Shiny dimes phenomenon mystifies even Bob Evans

Friday, June 15, 2012

If a penny for your thoughts is still the going rate, you have to wonder what a dime might get you these days.

Bob Evans certainly does. For the longtime Greencastle businessman has been preoccupied by the strange, random appearance of dimes for the better part of the past two months.

"My story of shiny dimes," he calls it.

That doesn't mean he can explain it, other than his belief it is strangely connected to the recent illness and ultimate passing of his beloved wife of 40 years, Sharon.

After all, that's when it all began as Sharon was admitted to Bay Medical Hospital in Panama City, Fla., the morning of March 29.

"The next morning I went to Mexico Beach to load the car and check out of our motel," Evans recalled. "As I was loading the car, I saw a shiny dime by the driver's side door."

Evans thought nothing of it, putting the dime in his pocket and checking into another hotel closer to the hospital. But it began to get a little stranger with each day.

"When I went to the hospital the next day, I parked in the parking lot, opened the car door and looked down at a shiny dime on the ground," he continued, adding that he returned to the hotel to find a shiny dime on the lobby floor.

"The following day," Evans said, calmly continuing his odd account, "when I went to my car in the parking lot at the hotel, a shiny dime was beside the driver's door.

"The next day, on returning to my room, I found a shiny dime in the middle of my chair," the veteran realtor added.

Returning home the Saturday before Easter, after the family had left the house, a tired Evans started up the two steps to the bedroom, only to find another shiny dime on the bedroom floor.

Let's pause here to say Evans -- one of the most level-headed men you could ever meet -- admits at first he was "spooked" by the whole thing.

"It gives me goose bumps," he said, explaining it was his son who convinced him to write down the details.

"It's a personal story, but I've shared it with several people, and you could just see them getting goose bumps."

Meanwhile, back at the dime discoveries, it started to affect others in the Evans family and his circle of friends.

"A few days later Stan, my oldest son, told me that he had walked through the front door of his office on Washington Street in Indy, and right before him was a shiny dime."

But it didn't stop for Bob, either.

"On April 18," he said, "I put on a pair of slacks that had just returned from the laundry (with laundry tag still attached). That evening when emptying my pockets, a shiny dime fell out of a pocket in which I do not keep change."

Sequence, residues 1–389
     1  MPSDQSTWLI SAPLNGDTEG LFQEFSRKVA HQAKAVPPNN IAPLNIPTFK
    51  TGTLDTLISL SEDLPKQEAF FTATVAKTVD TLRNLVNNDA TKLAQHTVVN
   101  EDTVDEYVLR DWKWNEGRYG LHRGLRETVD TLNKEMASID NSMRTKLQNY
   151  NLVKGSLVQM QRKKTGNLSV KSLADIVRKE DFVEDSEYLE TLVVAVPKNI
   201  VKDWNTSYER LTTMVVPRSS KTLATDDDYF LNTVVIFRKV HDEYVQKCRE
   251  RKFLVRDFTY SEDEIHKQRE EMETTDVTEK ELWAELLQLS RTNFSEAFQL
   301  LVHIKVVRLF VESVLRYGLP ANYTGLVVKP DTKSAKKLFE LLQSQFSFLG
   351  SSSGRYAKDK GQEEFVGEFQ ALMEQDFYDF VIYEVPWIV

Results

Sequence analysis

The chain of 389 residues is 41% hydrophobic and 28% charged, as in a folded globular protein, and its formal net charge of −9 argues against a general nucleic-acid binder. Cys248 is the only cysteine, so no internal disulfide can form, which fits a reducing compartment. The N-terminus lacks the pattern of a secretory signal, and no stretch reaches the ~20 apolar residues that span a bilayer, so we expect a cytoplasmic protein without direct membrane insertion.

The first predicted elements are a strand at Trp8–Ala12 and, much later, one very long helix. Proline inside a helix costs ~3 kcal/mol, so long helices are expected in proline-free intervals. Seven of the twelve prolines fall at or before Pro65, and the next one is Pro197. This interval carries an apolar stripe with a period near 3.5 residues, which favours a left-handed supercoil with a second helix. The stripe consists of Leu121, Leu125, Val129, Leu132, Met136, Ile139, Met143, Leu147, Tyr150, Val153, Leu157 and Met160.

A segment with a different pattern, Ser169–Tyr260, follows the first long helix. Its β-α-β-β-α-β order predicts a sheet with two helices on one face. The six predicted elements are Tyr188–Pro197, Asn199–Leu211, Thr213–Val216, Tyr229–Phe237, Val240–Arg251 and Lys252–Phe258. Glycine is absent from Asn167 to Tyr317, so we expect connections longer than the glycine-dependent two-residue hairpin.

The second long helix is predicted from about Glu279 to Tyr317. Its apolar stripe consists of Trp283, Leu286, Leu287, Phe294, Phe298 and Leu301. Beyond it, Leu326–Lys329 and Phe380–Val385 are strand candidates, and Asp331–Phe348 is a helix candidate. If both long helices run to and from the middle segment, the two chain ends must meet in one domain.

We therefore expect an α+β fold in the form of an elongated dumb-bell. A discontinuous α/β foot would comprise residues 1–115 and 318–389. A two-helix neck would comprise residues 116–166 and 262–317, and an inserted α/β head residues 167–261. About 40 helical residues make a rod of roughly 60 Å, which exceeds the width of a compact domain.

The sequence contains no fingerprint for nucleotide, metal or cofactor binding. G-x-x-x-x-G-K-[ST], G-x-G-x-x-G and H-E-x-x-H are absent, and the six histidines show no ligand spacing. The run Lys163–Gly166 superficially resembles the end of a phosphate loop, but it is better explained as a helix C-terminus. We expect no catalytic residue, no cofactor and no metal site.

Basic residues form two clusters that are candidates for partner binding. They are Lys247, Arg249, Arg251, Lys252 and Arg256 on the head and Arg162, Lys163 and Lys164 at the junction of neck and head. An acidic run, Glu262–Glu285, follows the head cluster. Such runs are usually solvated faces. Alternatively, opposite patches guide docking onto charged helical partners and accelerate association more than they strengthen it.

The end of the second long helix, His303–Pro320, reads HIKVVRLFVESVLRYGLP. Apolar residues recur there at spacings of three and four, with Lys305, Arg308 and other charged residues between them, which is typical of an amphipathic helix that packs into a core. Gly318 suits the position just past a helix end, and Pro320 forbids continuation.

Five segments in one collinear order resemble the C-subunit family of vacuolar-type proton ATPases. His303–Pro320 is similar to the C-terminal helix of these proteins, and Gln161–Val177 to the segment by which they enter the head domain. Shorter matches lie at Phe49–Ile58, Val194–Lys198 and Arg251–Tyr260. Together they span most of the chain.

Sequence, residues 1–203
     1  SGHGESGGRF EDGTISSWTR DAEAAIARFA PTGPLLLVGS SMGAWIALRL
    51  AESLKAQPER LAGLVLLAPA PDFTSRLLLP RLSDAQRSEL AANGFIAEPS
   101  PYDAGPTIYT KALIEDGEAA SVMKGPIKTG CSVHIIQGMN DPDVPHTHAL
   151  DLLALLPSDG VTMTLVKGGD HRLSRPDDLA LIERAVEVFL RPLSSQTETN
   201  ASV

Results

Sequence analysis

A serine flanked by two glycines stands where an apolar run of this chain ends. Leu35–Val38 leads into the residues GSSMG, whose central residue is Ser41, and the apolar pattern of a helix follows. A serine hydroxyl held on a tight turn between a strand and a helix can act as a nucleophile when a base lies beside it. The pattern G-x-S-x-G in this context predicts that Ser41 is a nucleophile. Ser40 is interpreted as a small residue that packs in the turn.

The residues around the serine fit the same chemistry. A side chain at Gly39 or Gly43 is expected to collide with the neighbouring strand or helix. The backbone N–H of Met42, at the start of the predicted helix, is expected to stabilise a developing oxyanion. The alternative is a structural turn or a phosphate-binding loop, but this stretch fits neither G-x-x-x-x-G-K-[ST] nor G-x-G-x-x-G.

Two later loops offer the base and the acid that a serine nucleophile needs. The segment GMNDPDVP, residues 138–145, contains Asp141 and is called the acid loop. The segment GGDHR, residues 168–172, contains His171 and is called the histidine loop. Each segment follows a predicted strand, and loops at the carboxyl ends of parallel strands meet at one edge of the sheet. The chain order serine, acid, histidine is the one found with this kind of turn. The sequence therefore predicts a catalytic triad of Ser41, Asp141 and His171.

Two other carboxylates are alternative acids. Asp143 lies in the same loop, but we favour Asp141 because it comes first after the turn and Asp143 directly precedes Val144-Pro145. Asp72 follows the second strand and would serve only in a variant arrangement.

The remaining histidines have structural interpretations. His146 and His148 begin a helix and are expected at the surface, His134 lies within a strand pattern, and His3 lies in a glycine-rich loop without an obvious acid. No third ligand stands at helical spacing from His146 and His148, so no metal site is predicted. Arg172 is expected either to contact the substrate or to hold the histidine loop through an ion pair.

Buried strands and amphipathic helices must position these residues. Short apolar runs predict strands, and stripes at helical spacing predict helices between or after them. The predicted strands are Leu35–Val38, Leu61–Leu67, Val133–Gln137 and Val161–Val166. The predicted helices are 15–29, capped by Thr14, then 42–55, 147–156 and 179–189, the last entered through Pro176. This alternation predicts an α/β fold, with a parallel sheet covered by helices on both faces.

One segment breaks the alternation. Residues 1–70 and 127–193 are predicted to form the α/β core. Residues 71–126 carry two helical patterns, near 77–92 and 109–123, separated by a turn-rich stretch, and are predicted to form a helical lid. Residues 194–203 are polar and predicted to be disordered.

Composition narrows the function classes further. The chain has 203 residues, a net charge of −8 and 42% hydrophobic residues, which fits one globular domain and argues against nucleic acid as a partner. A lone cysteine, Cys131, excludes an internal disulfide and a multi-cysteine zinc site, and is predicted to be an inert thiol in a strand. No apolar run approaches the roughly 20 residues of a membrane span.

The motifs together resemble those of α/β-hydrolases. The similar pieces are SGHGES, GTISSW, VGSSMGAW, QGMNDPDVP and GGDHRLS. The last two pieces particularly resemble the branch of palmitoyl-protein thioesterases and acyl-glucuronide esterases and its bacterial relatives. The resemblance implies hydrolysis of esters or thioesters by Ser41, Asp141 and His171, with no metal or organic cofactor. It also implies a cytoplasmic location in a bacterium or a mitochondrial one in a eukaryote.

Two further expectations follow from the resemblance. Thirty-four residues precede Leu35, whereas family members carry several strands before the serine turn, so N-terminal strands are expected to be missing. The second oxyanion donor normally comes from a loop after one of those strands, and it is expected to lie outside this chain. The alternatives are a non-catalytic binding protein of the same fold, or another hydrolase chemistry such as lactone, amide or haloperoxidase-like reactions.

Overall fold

Scott Evans came home April 20, and the next day he put on a Culver Academy jacket to go to breakfast since it was cold outside. In the pocket was a dime -- although for once, not shiny.

"At the Double Decker as I walked to our table," Evans unbelievably continued, "I stepped on a shiny dime.

"Then Stan called me on the evening of the 21st to tell me that he was putting on a pair of shoes from his closet and a shiny dime fell out of one of the shoes."

The discoveries of dimes continued into May with relatives, friends and co-workers inexplicably finding shiny dimes in odd places.

Evans said he shared his strange story with a business associate one day at lunch, advising her she was likely to find a shiny dime.

"About 2 p.m. I received an email from her saying she had found one," he noted.

Dimes kept coming ... in change at the gas station. Four at once from a vending machine. Under his foot at the checkout counter. Again from a pants pockets.

It was like: Next stop, The Twilight Zone ...

"I had a massage last week," he said, "and was telling the masseuse about shiny dimes and said, 'You will find one soon.' She said, 'I found it earlier today.'"

It gets better ...

Evans' grandson Shelby called him before the sectional track meet to report he had found a shiny dime at practice that day.

"He said he would give it to me to keep with the others," Evans said.

"By this time I was becoming convinced that something beyond my comprehension was happening, so I told him to keep the dime as a sign from Sharon.

"He is a discus thrower. I told him that his throw in the sectional meet would have the advantage of riding on the wings of an angel. The next evening his throw topped his personal best -- by 11 feet."

The morning Sharon died, Sunday, May 6, Evans and son Scott were on their way to Indy to see her.

"I received a call from the hospital a little before nine o'clock," he said. "I was told that she had 'flat-lined,' and asked if I wanted them to attempt to resuscitate her."

Of course, he said yes. But a bit later a second call from the hospital indicated that they could not revive her.

"Scott looked at the clock on the dashboard. The time was 9:22 a.m. Sharon's birthday is Sept. 22. Later I was looking through her planner and noticed that our youngest granddaughter was born Dec. 27, 2011 at 9:22 p.m."

Sharon Evans passed away at Seton Hospital, a small facility adjacent to St. Vincent Hospital at Indianapolis. The parking lot there is tiny, and on that Sunday Evans estimated only about five cars were parked in it.

"I pulled in next to Stan's car," he said, "and directly in front of Stan's car was a maroon minivan with an Illinois license plate which read 'ILUVBOB.' What are the odds?"

Evans admits he's mystified. He's wracked his brain trying to think of any connection to dimes in his and Sharon's past. But to no avail.

"I'm not a terribly religious, Bible-thumping kind of guy," Evans said. "I believe in God, but this ...

"There are just too many things involved here. If it were three or four dimes, I wouldn't think anything about it. But 40!?

"Something is going on here."

And on it goes, Evans says. "God's hugs -- and perhaps Sharon's -- with His help," is how he sees it.

Penny for your thoughts? Or would a dime work?